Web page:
Old town, new look: 6 new stores open in Bonavista with hopes of revitalizing town
The businesses have opened in the past month as part of a revitalization plan
Bonavista Creative hopes a project aimed at fostering new businesses will start a new chapter in the town's storied history.
Six new businesses have opened their doors on Church Street inside historic residential properties, after they were restored to commercial buildings designed with the new tenants in mind.
"We worked with the tenants at a very early stage and customized the buildings inside and out for what they want and what they need to the best of our abilities," said John Norman, chief operations officer of Bonavista Creative.
"Then we leased them at very generous rates so that we can cover our costs."
The buildings were purchased and restored by the company at no cost to the new tenants.
"What we looked at was revitalizing these buildings and removing risk," said Norman.
"Not every business owner — especially a young new entrepreneur — can say I'm going to take two or three or four hundred thousand dollars and restore this building in Bonavaista and try a business."
Jon Howse and Sylvia Mitford are two of the new business owners on Church Street. They've opened The Boreal Diner with plans to work with residents to offer locally-sourced food on their menu.
Howse, who owns Fixed Coffee & Baking in St. John's, jumped at the chance to start something new in Bonavista.
"We had a meeting and they explained it all to me. How they're trying to attract new business in these beautiful heritage properties," said Howse.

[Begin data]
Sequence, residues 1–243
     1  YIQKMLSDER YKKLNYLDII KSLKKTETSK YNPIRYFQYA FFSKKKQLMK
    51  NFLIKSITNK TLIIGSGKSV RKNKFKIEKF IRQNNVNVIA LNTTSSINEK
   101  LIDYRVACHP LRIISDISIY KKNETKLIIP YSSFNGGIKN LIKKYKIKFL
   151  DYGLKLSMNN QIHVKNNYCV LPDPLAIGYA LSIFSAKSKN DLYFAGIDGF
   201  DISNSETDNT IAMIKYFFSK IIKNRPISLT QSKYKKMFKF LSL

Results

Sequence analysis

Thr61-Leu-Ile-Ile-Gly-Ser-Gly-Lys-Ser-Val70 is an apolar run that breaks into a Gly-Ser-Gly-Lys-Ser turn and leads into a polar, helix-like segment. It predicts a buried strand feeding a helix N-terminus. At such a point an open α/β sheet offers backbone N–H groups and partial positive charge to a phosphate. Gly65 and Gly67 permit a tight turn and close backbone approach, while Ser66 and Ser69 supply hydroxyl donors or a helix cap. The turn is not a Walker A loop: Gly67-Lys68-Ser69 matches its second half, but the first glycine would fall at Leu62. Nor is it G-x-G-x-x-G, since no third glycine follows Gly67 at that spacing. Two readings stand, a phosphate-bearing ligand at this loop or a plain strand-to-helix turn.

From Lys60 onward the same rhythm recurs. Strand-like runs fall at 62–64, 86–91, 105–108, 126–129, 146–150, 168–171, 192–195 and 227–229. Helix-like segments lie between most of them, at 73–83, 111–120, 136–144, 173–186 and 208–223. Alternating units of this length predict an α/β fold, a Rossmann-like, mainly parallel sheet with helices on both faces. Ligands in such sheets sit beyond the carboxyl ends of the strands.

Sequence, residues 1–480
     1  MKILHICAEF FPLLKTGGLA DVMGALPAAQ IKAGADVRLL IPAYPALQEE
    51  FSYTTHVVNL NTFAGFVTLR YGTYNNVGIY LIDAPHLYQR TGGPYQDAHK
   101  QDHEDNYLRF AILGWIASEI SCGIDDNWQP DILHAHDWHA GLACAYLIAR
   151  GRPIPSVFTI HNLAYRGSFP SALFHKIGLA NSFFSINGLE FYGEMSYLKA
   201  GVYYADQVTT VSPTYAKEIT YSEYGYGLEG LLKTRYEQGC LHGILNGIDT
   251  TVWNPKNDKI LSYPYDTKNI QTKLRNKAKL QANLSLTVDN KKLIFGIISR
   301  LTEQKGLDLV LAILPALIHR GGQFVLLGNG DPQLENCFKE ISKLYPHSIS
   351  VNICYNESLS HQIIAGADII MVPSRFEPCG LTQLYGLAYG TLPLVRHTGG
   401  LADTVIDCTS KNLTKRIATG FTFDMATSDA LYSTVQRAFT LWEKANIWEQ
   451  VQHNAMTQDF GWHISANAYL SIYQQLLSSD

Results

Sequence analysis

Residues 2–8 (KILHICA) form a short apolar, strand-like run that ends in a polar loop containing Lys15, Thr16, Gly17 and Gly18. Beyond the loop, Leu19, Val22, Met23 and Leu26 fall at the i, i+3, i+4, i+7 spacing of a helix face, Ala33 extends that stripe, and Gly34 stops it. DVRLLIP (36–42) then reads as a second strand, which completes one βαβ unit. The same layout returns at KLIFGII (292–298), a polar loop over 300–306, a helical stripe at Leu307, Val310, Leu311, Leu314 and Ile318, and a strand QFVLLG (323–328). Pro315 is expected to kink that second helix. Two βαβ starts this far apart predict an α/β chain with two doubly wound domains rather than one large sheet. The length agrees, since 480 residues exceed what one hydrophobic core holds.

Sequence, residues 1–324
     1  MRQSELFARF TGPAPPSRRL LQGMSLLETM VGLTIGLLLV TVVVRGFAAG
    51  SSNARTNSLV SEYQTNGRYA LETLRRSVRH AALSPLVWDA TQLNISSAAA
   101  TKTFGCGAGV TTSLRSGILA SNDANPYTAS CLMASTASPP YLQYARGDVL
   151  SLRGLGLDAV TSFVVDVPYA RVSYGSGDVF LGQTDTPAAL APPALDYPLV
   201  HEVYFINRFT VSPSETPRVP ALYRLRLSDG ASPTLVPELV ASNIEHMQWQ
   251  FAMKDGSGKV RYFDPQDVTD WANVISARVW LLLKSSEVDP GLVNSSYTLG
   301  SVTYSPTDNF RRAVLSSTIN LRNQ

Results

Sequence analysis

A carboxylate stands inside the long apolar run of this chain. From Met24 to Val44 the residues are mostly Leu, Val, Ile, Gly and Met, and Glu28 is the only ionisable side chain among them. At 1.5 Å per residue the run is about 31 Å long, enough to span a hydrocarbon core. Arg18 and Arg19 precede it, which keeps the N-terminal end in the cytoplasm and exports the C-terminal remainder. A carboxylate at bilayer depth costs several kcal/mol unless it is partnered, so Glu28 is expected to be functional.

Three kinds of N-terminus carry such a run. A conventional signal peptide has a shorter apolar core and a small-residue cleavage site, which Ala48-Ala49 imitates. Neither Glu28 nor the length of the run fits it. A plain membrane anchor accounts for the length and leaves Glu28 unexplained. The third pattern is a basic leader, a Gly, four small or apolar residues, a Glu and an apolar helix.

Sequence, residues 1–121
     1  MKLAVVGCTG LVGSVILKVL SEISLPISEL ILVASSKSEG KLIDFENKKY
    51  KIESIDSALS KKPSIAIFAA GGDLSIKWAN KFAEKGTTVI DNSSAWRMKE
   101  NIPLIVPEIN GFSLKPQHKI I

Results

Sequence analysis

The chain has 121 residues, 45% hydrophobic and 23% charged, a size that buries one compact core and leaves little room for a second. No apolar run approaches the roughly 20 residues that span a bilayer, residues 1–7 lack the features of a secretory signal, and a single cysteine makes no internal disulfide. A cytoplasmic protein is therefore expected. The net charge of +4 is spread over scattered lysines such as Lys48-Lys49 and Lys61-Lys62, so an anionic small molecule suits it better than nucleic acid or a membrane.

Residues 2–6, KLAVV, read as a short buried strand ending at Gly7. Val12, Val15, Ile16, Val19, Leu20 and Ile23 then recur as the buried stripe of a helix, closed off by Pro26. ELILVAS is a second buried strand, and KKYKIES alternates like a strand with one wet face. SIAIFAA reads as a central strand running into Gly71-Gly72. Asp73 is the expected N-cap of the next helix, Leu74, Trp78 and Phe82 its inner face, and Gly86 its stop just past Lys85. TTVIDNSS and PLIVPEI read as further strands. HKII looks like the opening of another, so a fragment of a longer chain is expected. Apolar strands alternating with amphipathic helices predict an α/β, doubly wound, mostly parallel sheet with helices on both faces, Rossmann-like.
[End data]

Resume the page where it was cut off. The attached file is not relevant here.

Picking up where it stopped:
"They were going to pay for most of the renovations, they were trying to keep the rent as cheap as possible. It seemed like a great oppurtunity."
Co-owner and chef Mitford said she enjoys the idea of starting something new at a time when there's so much economic uncertainty in rural Newfoundland.
"We have this kind of devastating budget and yet Bonavista is this little hub of entrepreneur spirit," said Mitford.
"It's like moving things into the rural area and it feels very sustainable. I'm excited to be part of something that I really believe in."
Boosting local economy
Karen Dewling operates East Coast Glow, a shop that sells organic and vegan skincare products.
She said opening as one of six new businesses takes off some pressure.
"Everybody's really, really excited. It's so nice to be part of something good in this province," said Dewling.
"There's a lot of doom and gloom it seems lately and to be able to be part of a group who's bringing business to a small town. It's really great."
Paddy Barry has opened a gallery in Bonavista after five years as a photographer on Fogo Island and ambassador at the Fogo Island Inn.
Barry said there's a similar feeling with what Bonavista Creative is doing when compared with what's happened on Fogo Island with the Shorefast Foundation.
"Both places are old and both places are trying to find their way with respect and dignity in the 21st century to survive," he said.
Barry said Bonavista's size will help guide its future.
"I think Bonavista is a bigger regional centre so it might be easier, there's more business here."